Already blighted by natural disasters, disease and poverty, Haiti looks as though it will soon become entirely devoid of biodiversity as the Caribbean country approaches 100 per cent deforestation.
The Haitian portion of the island of Hispaniola (shared with the Dominican Republic) had 4.4 per cent forest cover in 1988, a figure that had shrunk to 0.32 per cent by 2016. New research reveals that 42 of Haiti’s 50 largest mountains are now stripped of their primary forest, leaving only a handful of remote vestiges of tree cover left, themselves expected to disappear within the next two decades, wiping out native reptiles, amphibians and other species in the process.
‘There are many contributing reasons for the extreme deforestation of Haiti, but the poor economic state of the country, combined with the large number of people, would be the primary reason,’ says Dr Warren Cohen, a research associate at the College of Forestry, Oregon State University. ‘Trees are cut to make cooking fuel, charcoal, and for subsistence agriculture. Most homes use charcoal rather than electricity or other energy sources. There are efforts to change the source of energy, but it would take years and a large inflow of funds for a country of this size to make such a transition in its infrastructure. It is doubtful that the primary forests would survive by then.’
Humans are believed to have first arrived on Hispaniola roughly 6,000 years ago, and likely numbered as many as a million upon Christopher Columbus’s arrival in the Americas. Haiti, famous for becoming one of the first post-colonial ‘free’ nations following independence in 1804, now numbers 11 million people and is one of the poorest nations on Earth – a situation worsened by the 2010 earthquake that killed upwards of 200,000 people and triggered a subsequent cholera outbreak. Like a modern-day Easter Island, Haiti now faces a future without any natural fauna.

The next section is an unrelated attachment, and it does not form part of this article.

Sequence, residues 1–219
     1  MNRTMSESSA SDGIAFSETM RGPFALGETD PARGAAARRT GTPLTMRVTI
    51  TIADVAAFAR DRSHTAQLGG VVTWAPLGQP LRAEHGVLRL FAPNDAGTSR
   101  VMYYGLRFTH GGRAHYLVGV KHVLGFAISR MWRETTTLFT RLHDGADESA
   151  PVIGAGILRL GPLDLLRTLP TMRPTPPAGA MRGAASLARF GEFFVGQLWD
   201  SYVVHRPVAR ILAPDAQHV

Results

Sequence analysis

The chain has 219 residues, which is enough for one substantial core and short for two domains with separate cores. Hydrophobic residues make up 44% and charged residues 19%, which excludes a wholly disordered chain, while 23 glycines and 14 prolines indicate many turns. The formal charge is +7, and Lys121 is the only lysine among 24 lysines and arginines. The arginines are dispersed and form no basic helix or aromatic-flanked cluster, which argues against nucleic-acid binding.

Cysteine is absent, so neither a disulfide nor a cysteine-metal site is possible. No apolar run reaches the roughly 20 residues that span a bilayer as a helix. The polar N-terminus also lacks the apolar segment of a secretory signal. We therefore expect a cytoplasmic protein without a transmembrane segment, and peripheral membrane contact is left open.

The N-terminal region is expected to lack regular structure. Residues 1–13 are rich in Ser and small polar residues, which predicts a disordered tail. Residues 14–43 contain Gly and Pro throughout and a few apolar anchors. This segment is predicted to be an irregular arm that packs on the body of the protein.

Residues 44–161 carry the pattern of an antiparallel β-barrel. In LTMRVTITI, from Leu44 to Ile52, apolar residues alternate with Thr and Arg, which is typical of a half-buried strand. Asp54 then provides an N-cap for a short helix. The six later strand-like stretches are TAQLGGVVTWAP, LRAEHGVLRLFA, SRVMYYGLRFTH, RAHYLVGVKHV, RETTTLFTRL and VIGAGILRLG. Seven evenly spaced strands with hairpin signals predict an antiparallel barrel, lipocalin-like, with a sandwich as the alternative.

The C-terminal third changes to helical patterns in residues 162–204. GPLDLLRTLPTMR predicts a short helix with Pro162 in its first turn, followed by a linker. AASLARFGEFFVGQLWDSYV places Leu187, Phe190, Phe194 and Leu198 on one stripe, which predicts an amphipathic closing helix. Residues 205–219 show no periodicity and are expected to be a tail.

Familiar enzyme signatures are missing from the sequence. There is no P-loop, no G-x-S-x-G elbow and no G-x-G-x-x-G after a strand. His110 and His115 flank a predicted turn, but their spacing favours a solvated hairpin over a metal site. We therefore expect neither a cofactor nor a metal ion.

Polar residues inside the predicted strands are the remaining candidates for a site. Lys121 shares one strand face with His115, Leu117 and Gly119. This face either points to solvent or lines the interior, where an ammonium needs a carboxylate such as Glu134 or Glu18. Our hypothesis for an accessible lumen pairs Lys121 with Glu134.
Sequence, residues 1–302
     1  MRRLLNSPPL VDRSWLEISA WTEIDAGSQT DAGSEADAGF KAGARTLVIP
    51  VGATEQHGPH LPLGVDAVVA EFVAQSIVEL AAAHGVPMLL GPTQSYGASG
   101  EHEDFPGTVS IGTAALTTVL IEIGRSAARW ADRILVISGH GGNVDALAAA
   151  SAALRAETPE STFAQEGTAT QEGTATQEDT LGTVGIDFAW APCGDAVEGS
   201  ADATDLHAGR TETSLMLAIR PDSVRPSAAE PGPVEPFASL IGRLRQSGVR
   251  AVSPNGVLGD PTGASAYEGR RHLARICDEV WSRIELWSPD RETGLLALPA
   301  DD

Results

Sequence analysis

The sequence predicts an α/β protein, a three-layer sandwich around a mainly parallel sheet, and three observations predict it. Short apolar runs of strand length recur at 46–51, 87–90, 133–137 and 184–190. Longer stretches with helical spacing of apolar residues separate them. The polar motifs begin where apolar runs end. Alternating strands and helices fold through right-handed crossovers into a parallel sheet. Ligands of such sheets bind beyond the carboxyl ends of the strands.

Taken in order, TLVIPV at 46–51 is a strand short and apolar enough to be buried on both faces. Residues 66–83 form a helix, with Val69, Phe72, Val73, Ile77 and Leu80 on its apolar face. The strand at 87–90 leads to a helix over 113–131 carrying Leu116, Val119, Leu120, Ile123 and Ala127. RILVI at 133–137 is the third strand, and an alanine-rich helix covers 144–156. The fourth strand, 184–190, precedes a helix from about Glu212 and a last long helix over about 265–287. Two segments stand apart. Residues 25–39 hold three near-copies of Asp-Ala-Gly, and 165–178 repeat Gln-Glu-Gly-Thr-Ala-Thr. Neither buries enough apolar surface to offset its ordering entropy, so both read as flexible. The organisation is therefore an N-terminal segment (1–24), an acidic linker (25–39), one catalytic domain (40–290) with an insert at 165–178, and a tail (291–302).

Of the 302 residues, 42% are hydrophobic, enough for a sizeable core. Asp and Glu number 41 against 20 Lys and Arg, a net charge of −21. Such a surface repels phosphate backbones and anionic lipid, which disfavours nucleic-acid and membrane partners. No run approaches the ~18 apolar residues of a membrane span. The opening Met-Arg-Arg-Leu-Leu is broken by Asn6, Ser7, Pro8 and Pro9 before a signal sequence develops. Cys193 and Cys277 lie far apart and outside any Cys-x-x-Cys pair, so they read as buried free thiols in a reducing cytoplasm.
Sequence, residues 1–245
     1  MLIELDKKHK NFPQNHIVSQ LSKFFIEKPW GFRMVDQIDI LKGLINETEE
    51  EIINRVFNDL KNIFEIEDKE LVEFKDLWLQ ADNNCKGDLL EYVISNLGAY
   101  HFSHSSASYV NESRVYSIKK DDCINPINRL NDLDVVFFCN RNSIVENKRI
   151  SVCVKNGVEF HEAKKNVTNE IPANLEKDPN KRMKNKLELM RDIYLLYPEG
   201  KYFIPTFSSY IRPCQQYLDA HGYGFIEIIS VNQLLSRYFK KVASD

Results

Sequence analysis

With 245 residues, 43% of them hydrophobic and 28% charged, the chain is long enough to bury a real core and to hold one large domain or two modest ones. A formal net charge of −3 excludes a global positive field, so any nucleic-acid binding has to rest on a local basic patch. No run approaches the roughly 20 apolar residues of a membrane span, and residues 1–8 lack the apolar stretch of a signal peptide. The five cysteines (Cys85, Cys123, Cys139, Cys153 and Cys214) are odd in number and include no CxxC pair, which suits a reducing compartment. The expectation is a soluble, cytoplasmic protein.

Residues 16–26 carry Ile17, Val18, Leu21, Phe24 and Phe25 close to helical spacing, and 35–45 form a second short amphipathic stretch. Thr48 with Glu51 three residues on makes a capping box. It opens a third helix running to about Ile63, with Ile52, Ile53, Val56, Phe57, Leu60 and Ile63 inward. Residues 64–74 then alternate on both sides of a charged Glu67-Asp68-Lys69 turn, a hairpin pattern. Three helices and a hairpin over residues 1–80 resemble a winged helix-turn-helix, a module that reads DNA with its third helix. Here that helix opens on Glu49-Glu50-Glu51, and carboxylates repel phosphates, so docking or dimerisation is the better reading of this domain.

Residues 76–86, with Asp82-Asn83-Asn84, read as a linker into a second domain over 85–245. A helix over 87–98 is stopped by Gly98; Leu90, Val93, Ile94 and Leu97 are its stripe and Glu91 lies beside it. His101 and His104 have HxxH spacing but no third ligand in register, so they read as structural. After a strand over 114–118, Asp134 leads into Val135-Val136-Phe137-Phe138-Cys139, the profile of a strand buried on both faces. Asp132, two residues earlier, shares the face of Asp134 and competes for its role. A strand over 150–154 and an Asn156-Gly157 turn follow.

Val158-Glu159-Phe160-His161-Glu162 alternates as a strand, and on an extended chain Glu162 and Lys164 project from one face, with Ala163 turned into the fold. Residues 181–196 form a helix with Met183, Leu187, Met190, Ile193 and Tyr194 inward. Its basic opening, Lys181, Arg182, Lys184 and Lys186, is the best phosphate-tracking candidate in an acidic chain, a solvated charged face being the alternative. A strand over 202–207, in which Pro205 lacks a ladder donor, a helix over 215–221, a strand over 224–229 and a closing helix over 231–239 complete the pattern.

‘Because the primary forest habitat holds nearly all of the biodiversity, including species found only in Haiti and not in neighbouring Dominican Republic, removal of habitat causes the extinction of hundreds or thousands of species of plants, animals and microbes, not just single species,’ explains Cohen. ‘Haiti is probably close to the front line of extinction from loss of forests, but other countries are not far behind. For example, Madagascar and some countries in central Africa appear to have low levels of primary forest. The main problem is that we need better data on primary forest around the world to assess the situation globally.’
This was published in the January 2019 edition of Geographical magazine
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